Also, the nest was strategically located between two natural barriers. On one side was a large body of water (a section of the Bronx River that opens up into something resembling a big pond). On the other side was a wall of thorny shrubs. I had to carefully move these aside, branch by branch, to get to the nest.

The nest had other features. It had pieces of torn plastic woven into the inner twigs, perhaps serving as insulation or even a thin barrier to lay atop the twigs, making for a more comfortable place to sit. I also saw a few pieces of dryer lint integrated into the construction. I leave out tufts of such lint for birds, and I always wondered if they actually use it. Now I know that they do. Maybe this was our lint.

I think birds are probably a lot smarter than we give them credit for.

Training: July 4-17

Yes, there’s a big gap in training logs. About a month. That’s because June was not a serious month for training. It was all about the Mini 10K, the Green Mountain Relay, and quitting my FT day gig. So I can train seriously again, among other reasons.

I was also in transition, checking out the new coach and the new training that comes with her. I officially started training with Sandra on Saturday, July 3, which is not shown on these schedules (I should note that now the training week runs from Sunday to Saturday, unlike my previous Monday to Sunday structure).

On that first day, Sandra sent me off to do a fartlek workout. I was way out on Eastern Long Island over that weekend, so I ended up doing the run (about 6 miles total) along a lonely, relatively flat stretch of road at about 7:30 in the morning. It was just me, a family of wild turkeys and the rare service truck.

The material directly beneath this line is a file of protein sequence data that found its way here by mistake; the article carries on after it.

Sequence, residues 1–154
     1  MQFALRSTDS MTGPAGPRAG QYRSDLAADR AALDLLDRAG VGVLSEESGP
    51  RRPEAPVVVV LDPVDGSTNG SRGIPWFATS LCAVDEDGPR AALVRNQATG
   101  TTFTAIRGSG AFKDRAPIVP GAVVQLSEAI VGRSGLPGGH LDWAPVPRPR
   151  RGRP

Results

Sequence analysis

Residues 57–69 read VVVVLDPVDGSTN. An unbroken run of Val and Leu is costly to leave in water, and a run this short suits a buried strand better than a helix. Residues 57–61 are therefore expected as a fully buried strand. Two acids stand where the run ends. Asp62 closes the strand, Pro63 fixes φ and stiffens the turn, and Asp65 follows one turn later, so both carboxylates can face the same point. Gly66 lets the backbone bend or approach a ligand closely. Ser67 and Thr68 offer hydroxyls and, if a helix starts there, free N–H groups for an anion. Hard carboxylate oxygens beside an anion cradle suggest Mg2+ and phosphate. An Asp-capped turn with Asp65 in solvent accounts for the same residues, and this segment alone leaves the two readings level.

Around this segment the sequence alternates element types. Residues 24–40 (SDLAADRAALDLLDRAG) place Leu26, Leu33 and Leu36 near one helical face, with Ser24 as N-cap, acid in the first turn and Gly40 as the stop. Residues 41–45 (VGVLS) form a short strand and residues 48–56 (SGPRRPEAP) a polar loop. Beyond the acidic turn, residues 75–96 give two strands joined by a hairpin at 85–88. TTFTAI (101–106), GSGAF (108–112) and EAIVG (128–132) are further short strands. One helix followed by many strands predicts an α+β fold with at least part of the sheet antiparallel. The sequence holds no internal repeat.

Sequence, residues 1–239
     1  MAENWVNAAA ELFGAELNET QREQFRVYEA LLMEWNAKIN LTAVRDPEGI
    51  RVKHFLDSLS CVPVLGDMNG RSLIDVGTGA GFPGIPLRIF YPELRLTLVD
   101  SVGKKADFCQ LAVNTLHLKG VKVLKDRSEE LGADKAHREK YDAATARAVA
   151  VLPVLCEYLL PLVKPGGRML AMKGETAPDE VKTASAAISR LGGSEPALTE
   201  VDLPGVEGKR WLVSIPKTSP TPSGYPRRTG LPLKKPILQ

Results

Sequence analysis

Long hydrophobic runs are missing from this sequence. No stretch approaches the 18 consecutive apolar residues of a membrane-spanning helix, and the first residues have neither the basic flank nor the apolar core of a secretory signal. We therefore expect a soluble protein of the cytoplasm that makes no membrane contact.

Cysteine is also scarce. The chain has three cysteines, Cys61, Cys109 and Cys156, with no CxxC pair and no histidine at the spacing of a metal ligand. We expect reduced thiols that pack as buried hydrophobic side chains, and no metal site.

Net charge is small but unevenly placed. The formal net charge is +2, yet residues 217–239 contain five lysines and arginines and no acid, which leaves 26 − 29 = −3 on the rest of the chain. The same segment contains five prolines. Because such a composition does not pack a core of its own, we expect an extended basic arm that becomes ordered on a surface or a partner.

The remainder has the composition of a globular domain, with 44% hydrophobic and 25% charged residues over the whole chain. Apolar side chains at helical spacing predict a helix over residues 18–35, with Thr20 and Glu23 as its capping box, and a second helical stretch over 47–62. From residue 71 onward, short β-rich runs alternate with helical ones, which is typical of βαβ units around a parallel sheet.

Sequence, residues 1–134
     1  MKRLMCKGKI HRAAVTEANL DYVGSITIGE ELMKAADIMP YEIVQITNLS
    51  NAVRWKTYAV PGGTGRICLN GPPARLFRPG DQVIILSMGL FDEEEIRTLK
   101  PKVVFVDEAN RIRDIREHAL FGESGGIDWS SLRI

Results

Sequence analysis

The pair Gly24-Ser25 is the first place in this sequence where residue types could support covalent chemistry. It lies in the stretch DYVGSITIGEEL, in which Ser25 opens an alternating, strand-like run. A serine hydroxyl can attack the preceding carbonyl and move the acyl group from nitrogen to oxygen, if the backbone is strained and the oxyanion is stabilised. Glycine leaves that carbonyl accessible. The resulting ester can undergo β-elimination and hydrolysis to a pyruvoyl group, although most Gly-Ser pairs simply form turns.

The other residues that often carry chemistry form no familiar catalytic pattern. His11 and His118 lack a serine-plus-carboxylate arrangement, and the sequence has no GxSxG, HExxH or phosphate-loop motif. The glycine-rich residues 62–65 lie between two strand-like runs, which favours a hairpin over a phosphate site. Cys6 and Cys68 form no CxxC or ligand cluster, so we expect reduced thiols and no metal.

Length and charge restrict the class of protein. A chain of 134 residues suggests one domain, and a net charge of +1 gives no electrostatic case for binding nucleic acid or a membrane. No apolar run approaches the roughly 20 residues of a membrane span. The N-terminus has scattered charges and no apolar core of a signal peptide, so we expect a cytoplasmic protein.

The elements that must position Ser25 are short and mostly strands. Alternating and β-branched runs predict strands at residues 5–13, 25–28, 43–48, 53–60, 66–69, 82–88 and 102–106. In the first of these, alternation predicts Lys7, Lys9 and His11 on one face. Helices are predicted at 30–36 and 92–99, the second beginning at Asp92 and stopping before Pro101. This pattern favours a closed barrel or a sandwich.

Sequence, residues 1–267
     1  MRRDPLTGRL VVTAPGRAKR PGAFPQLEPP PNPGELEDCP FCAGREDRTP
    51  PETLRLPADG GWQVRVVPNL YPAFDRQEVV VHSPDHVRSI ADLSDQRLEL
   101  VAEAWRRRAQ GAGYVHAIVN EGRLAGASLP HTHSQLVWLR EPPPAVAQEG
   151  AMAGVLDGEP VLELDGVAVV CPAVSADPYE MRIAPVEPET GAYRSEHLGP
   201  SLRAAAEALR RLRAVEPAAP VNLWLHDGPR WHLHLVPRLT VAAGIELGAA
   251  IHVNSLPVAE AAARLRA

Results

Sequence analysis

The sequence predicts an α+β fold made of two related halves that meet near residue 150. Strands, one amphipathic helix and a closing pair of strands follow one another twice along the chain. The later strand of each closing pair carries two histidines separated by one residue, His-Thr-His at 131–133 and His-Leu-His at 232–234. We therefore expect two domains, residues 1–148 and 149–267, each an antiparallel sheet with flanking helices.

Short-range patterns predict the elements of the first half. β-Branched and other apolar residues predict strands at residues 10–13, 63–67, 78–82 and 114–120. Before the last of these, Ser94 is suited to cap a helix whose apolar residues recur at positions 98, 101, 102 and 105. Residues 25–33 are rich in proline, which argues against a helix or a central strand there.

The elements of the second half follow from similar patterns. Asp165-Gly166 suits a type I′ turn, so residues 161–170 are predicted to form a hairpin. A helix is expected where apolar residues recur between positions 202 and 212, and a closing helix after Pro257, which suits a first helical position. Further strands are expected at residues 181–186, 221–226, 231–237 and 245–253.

This run was a challenging introduction into the new training regimen. But I got through it and found it a strangely satisfying workout, probably because of its novelty. I haven’t done much fartlek running. I’ll be doing lots more of it, though.

A few days later I had my first speed session. This was on the worst day of the heatwave, a day we hit a real temperature of 103F. We were also having an air quality alert. The air literally stank that morning. I ran at 6AM, but it was nevertheless already in the upper 80s at that hour. The heat has been insane these past few weeks, with temperatures around 10-15 degrees above average most days.

That weekend I did a long run. It’s weird to think that 12 miles is a “long” run now. That was shorter than my “midlength” run of 14-16 miles just 9 months ago. But, okay. 12 miles is long now.

Here’s another new aspect to this training: every long run is a progression run. I get to run the first 3-4 miles at a very easy pace, but then I have to pick things up. And I must be racing the last 2 miles.